What Does ‐‐ (double dash) Mean In SSH Shell Command? nixCraft Updated Tutorials/Posts

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I see lots of seasoned admins and cloud provider wrapper scripts use ssh client command as follows in shell:
ssh nixcraft@server1.cyberciti.biz --
What the double “--” (double dash) does here? Why it is used in this shell command and why not just use the ssh nixcraft@server1.cyberciti.biz syntax? What is the meaning of the -- in there?

This quick tutorial explains the use of the double-dash in shell and ssh commands. But, first, let us see what it does and when you might need it.

Tutorial details
Difficulty level Easy
Root privileges No
Requirements Linux/Unix/macOS shell
use gcutil ssh vmNameHere python wrapper. It will display and execute ssh as follows:
ssh -o UserKnownHostsFile=/dev/null
-o CheckHostIP=no
-o StrictHostKeyChecking=no
-i /Users/vivek/.ssh/google_compute_engine -A -p 22
nixcraft@server1.cyberciti.biz --

This syntax ensures that you can run commands on the remote server without ssh parsing them:
ssh nixcraft@server1.cyberciti.biz -- command1 --arg1 --arg2
The above syntax tell ssh not try to parse --arg1 and --arg2 after -- command line options. This ensures that command1 will accept --arg1 and --arg2 (or -opt1) as command-line arguments.

What does a double-Dash in shell commands mean?

In other words, a -- (double-dash) in a shell command indicates the end of options and incapacitates further option processing for the Unix or Linux command.

## safe examples ##
ssh nixcraft@server1.cyberciti.biz -- --commandName --arg1 --arg2

This kind of behavior is mostly defined and handled by the ssh command and not by your bash/ksh/csh/sh/fish or any other Unix shell. This is also true for many other Linux and macOS commands.

When is it needed?

So now you know more about double-dash, and specific Unix commands only support it. Sadly, not all Linux commands support the double-dash syntax and feature. So when is it needed? For example you can not create or view a file named --file or -f using cat command, run:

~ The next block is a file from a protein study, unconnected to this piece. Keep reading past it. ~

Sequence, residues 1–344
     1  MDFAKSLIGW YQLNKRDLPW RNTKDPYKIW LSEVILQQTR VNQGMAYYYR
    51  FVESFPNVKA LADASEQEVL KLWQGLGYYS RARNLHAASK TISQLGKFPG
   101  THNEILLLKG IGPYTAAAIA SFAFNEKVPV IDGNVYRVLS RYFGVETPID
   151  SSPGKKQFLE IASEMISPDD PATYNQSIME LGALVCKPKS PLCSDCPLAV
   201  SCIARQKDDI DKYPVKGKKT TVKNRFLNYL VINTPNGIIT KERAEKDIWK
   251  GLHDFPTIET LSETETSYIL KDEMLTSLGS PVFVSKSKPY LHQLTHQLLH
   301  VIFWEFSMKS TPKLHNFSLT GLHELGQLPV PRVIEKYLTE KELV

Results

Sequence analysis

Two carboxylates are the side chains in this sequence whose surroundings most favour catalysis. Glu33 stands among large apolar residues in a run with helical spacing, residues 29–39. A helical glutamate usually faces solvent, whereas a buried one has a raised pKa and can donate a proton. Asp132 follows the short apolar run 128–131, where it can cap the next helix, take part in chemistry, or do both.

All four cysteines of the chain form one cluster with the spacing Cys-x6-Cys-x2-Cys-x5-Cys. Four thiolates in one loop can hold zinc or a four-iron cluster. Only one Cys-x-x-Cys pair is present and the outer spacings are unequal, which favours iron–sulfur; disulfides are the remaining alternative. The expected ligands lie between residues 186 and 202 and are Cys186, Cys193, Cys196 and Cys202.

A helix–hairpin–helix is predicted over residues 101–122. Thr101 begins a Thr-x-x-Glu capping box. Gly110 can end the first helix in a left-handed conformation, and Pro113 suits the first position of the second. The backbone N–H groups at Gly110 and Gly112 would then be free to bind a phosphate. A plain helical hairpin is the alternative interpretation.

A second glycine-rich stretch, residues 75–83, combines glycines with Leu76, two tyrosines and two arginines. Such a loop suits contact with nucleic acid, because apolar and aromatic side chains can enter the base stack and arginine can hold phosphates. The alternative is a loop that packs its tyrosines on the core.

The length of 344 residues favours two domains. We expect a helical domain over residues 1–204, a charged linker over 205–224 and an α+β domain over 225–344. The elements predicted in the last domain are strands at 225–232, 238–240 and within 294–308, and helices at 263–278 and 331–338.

## This should fail ##
cat --file
cat -f

Instead try passing double dash “--” to instruct cat command not to try to parse what comes after command line options:

## This should work ##
cat -- --file
cat -- -f

Let us try to remove a file named ‘--file‘:

rm --file # fail #
rm -- '--file' # works

You can pass options to the rm command as follows:

rm -v -i -- '--file'
rm -f -v -i -- '--f'
What Does – – (double dash) Mean In SSH Shell Command under Linux and UnixWhat Does – – (double dash) Mean In SSH Shell Command under Linux and Unix

What does “--” (double-dash) mean under Linux, macOS or Unix-like OS?

Shell script example

We can use the lxc command command as follows to update the Linux container powered by LXD as follows:

lxc exec bash-wiki -- apt update
lxc exec bash-wiki -- apt -y upgrade
lxc exec nginx-proxy --env DEBIAN_FRONTEND=noninteractive -- sh -c "/usr/bin/apt-get update && /usr/bin/apt-get -y upgrade"

Not all commands support -- syntax

A word of caution, not all commands support -- syntax, and it will not work with all Unix or Linux commands. For instance:

/usr/bin/echo -- -n
echo -- --test

From bash documentation:

Unless otherwise noted, each builtin command documented in this section as accepting options preceded by - accepts -- to signify the end of the options. The :, true, false, and test/[ builtins do not accept options and do not treat -- specially. The exit, logout, return command, break command, continue command, let command, and shift command builtins accept and process arguments beginning with - without requiring --. Other builtins that accept arguments but are not specified as accepting options interpret arguments beginning with - as invalid options and require -- to prevent this interpretation.


We explained what the double-dash (--) do in shell commands or commands executed using ssh. The first -- command-line argument that is not an option-argument should be accepted as a delimiter indicating the end of options. Any following arguments should be treated as operands, even if they begin with the ‘-‘ or ‘--‘ character. It is a safety feature, but we also know that not all Linux/Unix commands support such options. You may also want to read the following tutorial useful:

Make sure you read bash man page by tying the following man command or help command for internal commands:
man bash
man ssh
man rm
help :
help echo
help printf
help let
help exit
help logout


Posted by Contributor